‘Desolation’ succeeds as Jackson’s bombastic, irresistible vision

Desolation succeeds as Jacksons bombastic, irresistible vision

Sam Lineberger

Nary an Internet chatroom was spared the collective, exasperated groans of the Tolkien faithful when it was announced that the fiercely anticipated upcoming “Hobbit” film series would be split into not two, but three chapters.

Suffice it to say, the wailing fanbase did have a point. Look what happened with “The Godfather III”, “Return of the Jedi”, “The Matrix Revolutions”, “Spiderman 3”, “X-Men: The Last Stand” and countless others – though for the sake of argument I’ll put “Return of the King” out of mind for a moment.The_Hobbit_-_The_Desolation_of_Smaug_theatrical_poster

More often than not, third movies end up as the dumping ground for ideas that never made it into the first two installments of the trilogy in question.

“The Hobbit: The Desolation of Smaug” is only the second in the “Hobbit” series, but it follows the pattern of material being concentrated in the first two chapters, which is concerning for Tolkien fans when the source material is so slim.

One change – which, admittedly, most consider an improvement – is that where 2012’s “The Hobbit: An Unexpected Journey” seemed to be stretched too thin, “Desolation of Smaug” is stuffed to the gills.

The abundant action sequences are better choreographed and more exciting than – dare I say it – even anything in the “Lord of the Rings” trilogy. Peter Jackson’s Middle Earth thrives in detail, thanks again to splendid, digitally enhanced New Zealand. The plot skips along so nicely that even the most casual fan might not mind the near three hour runtime.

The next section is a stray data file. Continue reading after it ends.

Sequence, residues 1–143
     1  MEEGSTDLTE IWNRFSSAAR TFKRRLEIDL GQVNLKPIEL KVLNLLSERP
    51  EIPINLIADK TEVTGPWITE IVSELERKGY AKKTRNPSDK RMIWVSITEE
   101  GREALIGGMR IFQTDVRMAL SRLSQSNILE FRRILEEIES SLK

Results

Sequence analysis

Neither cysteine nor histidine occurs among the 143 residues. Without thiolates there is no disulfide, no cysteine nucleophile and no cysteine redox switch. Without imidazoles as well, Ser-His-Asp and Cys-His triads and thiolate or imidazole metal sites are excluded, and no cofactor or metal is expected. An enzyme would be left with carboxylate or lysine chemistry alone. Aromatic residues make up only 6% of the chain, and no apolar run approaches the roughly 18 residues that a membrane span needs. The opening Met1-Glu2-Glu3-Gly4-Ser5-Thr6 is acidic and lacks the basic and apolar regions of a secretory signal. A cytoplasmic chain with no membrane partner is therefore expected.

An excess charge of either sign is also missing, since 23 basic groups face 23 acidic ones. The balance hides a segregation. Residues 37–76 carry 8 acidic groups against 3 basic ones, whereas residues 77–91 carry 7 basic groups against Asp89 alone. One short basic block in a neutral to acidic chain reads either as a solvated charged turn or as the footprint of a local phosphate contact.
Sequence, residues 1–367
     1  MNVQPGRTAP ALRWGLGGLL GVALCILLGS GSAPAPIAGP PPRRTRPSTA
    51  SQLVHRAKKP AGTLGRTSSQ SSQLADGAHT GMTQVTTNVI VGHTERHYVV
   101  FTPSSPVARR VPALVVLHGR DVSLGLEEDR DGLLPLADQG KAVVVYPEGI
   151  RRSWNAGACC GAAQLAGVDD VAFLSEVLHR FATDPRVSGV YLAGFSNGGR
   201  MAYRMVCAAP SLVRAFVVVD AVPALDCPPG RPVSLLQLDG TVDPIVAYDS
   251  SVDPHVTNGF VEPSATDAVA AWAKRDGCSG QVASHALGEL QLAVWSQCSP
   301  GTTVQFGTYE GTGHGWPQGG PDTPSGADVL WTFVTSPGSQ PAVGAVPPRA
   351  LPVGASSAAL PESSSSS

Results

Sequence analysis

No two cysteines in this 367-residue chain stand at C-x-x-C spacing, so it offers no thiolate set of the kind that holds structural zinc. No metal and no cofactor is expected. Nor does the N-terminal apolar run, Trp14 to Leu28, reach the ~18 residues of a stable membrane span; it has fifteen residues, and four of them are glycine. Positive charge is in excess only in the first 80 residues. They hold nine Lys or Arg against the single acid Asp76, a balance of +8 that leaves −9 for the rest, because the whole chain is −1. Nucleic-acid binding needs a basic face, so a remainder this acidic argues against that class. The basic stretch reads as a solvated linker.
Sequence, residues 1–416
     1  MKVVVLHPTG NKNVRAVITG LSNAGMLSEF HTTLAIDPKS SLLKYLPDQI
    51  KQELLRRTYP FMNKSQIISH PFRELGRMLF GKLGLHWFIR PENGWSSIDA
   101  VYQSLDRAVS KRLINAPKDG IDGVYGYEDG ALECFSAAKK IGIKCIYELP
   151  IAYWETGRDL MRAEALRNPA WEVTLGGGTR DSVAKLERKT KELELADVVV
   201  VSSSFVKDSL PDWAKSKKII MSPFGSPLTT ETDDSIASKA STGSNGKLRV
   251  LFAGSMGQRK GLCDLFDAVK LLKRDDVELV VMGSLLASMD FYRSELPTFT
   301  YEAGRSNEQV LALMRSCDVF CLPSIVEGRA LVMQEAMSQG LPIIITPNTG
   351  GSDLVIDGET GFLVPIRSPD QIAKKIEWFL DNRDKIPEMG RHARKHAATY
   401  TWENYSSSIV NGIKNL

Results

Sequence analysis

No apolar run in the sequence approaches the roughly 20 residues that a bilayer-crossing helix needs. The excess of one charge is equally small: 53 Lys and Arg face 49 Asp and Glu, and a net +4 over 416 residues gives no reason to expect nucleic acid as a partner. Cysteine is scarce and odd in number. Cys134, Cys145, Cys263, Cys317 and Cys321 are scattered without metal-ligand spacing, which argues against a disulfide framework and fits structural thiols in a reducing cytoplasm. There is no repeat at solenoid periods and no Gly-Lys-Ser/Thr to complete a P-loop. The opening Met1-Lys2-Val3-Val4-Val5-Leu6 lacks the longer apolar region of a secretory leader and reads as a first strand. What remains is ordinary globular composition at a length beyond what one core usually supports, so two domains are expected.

The biggest issue with “Smaug” isn’t the concentration of the material, but the quality thereof.
Too many subplots focus on characters that were an afterthought at best, if not wholly nonexistent in Tolkien’s beloved classic. Legolas, reprised by a less-spry Orlando Bloom, appears only to serve as jealous lover of Tauriel, another artificially-injected, sex-appeal token played by Evangeline Lilly. Kili, a handsome dwarf, steals both our hearts and screen time as the wounded hero and final element in the film’s highly unnecessary love triangle.

All this goes to say that there’s a lot of fluff, so much that even the iconic scenes derived cleanly from the source novel – for example the run-in with the shapeshifting Beorn – come off as breaks in the primary action: the retrieval of one mysterious and inexplicably important “Arkenstone.”

That said, Smaug the Stupendous is entirely captivating. Rising superstar actor Benedict Cumberbatch breathes fire into the eponymous serpentine villain with all the fiery charisma one could hope for.

Every great fantasy film needs an iconic villain, and Cumberbatch’s Smaug makes for a refreshing change over the duller Azog who sent our stout travelers scattering throughout “An Unexpected Journey.” Though this middle slice of the journey is as delightfully rough-and-tumble as the first, an injection of invigorating motivation makes the difference here.

Though “Desolation,” like “Unexpected Journey” before it, more or less fails as a direct adaptation, the irresistible draw of Middle Earth is inescapable. I’ll whine with the best of them about Jackson’s liberty taking, but by the time the credits roll, I’m still in love with this marvelous film world.

Rating: three-and-a-half out of five stars

Story by Sam Lineberger, A&E Reporter